Cheerful bank CEOs have the edge over dark investors
LONDON, July 29 (Reuters Breakingviews) – European bank investors are worried about a wave of defaults. The bosses of European banks are not. Rising interest rates and a cost of living crisis will cause economic hardship, but the pessimism seems overdone.
The region’s five largest lenders, measured by the size of their loan portfolios, have fallen 27% on average since Feb. 18, the week before Russia’s invasion of Ukraine. Santander Bank (SAN.MC)BNP Paribas (BNPP.PA)ING (INGA.AS)Lloyds banking group (LLOY.L) and Societe Generale (SOGN.PA) are trading at 56% of forward tangible book value, down from 75% then, according to Refinitiv data. The current level is roughly in line with valuations from the second wave of Covid-19 in 2020 and the Eurozone crisis of 2012.
The case of the bear is simple. European Central Bank President Christine Lagarde and her Bank of England counterpart are raising rates to stem inflation. Rising prices, exacerbated by a shortage of Russian gas, a slowing economy and higher interest charges will make it harder for households and businesses to service debt. Since lenders operate with low capital buffers relative to assets, even a small increase in defaults can inflict significant losses on shareholders.
Senior bankers are unfazed. Santander, led by Executive President Ana Botín, on Thursday said he expected “no deterioration” in credit quality. Lloyds chief executive Charlie Nunn on Wednesday said impairment charges for bad debts in 2022 would be lower than its previous estimate of 0.2% of total loans. BNP Paribas took a lower credit loss charge for the second quarter on Friday than a year ago.
Bank shareholders do not share their optimism. Think of their decline in market value as a rough approximation of the magnitude of loan losses investors are bracing for, as any credit write-downs will erode equity once they chip away at profits. The fall in valuation since February 18 for the five lenders is equivalent to an average of 1.9% of their outstandings. That’s more than double the amount the same lenders set aside in 2020 to cover foreclosure-induced defaults.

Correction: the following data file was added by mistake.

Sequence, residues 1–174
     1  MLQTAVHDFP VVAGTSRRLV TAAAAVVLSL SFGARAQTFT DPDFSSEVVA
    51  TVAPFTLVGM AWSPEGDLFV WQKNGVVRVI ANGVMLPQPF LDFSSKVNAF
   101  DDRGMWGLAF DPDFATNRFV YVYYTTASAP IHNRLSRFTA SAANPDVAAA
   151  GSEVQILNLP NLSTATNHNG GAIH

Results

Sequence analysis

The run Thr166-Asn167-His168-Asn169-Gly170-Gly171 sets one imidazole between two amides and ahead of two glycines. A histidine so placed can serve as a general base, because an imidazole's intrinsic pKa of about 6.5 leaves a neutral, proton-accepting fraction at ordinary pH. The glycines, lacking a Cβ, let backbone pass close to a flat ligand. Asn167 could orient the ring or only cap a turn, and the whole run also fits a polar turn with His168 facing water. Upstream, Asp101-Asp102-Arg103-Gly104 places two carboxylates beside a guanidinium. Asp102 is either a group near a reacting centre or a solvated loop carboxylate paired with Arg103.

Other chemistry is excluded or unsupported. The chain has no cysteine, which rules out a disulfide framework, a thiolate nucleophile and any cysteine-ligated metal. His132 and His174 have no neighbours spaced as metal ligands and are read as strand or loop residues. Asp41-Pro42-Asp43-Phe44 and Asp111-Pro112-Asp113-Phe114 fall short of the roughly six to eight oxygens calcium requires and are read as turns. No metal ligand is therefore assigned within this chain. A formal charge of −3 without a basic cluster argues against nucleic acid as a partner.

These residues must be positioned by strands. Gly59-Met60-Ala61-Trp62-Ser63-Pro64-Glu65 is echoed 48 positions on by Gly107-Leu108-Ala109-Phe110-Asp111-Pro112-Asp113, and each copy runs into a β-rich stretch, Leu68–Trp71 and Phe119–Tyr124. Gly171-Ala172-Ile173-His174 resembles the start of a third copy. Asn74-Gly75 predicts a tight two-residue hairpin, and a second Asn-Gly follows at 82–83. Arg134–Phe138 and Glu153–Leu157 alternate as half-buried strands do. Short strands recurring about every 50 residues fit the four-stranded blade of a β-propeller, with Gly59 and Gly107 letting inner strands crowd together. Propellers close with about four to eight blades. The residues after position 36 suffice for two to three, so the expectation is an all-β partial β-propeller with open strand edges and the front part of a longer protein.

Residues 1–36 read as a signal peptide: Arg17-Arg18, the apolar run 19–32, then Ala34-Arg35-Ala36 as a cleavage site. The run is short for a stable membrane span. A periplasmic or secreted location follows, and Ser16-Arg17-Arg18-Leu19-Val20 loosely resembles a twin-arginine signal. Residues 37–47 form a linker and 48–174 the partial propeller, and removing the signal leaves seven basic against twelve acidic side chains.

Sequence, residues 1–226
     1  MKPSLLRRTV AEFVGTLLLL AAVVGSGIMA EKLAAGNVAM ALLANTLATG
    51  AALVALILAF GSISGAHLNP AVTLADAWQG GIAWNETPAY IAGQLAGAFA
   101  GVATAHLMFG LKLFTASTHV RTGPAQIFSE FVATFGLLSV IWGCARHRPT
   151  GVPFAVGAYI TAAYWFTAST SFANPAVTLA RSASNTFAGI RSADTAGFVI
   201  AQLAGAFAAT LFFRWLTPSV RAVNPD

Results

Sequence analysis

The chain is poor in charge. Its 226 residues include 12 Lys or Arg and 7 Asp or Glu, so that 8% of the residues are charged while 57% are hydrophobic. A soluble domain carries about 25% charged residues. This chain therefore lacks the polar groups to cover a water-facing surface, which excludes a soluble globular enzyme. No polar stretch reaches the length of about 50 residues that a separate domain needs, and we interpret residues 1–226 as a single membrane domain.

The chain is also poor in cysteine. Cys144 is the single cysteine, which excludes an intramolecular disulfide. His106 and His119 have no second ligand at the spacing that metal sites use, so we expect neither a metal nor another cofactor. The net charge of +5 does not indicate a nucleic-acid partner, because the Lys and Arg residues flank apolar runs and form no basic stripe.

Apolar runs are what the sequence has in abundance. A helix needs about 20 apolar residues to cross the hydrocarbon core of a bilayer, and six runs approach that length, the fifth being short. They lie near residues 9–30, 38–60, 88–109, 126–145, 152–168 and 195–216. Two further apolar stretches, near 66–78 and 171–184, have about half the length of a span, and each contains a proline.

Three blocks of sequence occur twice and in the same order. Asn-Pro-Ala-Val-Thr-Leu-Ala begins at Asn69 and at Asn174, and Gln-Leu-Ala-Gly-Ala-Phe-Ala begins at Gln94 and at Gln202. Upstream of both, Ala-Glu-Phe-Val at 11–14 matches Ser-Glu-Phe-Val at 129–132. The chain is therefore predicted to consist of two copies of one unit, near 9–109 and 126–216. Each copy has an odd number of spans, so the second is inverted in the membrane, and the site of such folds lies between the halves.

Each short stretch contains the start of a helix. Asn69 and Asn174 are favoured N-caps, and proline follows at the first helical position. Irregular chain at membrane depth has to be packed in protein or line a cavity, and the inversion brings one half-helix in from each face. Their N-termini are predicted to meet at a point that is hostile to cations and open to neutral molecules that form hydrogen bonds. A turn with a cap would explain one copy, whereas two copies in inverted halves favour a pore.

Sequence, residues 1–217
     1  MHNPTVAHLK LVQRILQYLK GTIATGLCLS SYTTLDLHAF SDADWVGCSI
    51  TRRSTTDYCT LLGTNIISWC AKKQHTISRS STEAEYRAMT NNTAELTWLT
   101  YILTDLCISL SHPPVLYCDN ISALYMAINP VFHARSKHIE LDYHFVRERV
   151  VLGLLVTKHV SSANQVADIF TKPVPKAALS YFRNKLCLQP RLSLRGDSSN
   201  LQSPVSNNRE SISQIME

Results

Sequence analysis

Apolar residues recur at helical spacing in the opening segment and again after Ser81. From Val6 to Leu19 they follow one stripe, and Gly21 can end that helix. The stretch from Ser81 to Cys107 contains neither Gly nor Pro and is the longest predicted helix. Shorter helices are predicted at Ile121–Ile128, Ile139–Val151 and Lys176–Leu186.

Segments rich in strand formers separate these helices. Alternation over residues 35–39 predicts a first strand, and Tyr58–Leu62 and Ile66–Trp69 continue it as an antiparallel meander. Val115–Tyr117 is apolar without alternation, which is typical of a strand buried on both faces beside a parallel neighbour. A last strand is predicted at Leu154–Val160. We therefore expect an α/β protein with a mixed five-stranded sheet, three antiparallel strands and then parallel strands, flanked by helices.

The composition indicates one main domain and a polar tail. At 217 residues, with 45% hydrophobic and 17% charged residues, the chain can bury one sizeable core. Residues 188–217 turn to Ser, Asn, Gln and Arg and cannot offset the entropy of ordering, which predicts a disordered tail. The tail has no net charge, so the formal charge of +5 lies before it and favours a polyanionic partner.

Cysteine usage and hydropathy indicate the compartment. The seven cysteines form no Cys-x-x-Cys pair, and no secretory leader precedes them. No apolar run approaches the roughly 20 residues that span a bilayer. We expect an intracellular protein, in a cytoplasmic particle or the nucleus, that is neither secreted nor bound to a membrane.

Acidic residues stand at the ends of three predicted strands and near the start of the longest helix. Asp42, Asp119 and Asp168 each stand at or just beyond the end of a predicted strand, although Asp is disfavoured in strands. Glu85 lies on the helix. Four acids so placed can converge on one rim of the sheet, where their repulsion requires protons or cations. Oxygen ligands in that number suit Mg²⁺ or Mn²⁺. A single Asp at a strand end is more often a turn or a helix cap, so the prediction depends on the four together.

A recession this year or next is unlikely to be twice as painful as the pandemic. For starters, interest rates rise, which increases credit spreads and gives banks additional revenue to absorb writedowns. Second, European unemployment jumped by more than a percentage point in 2020, but economists interrogates by the ECB expect it to continue falling over the next two years. It’s hard to see a big increase in delinquencies as long as borrowers stay in their jobs. Cheerful bank CEOs are probably closer to the truth than their dark shareholders.
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BNP Paribas announced on July 29 that it has set aside 789 million euros to cover future bad debts. The figure, which reflects the bank’s expectations of the number of borrowers likely to default, was 3% lower than the same period a year earlier.
The five largest European banks, measured by the size of their loan portfolios, lost 27% in value between February 18, which was the week before Russia invaded Ukraine, and July 28.
Editing by Neil Unmack and Oliver Taslic
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